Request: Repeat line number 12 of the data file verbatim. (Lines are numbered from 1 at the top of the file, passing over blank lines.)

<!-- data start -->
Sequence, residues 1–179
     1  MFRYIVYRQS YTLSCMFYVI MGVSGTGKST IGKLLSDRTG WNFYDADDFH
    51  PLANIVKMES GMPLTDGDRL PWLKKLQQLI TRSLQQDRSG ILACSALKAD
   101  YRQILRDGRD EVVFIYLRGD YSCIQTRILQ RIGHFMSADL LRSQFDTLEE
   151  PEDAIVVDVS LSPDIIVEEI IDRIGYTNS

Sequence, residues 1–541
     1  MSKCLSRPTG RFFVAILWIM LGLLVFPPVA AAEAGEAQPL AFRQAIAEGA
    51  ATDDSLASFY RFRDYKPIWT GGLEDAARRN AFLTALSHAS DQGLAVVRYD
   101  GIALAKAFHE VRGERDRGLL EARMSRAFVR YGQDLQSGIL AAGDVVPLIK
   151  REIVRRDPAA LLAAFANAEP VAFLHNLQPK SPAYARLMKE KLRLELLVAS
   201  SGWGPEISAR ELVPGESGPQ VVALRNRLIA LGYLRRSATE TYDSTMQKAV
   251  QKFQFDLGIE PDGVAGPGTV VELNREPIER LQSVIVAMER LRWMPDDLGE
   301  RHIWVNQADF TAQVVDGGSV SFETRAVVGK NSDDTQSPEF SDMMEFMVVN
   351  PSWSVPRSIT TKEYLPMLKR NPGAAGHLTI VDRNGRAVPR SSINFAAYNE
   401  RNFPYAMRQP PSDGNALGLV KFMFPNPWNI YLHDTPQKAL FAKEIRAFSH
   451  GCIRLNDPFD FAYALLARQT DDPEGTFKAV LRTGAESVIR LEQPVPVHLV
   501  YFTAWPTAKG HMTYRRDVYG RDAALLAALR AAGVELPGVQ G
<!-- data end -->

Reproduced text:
   251  QKFQFDLGIE PDGVAGPGTV VELNREPIER LQSVIVAMER LRWMPDDLGE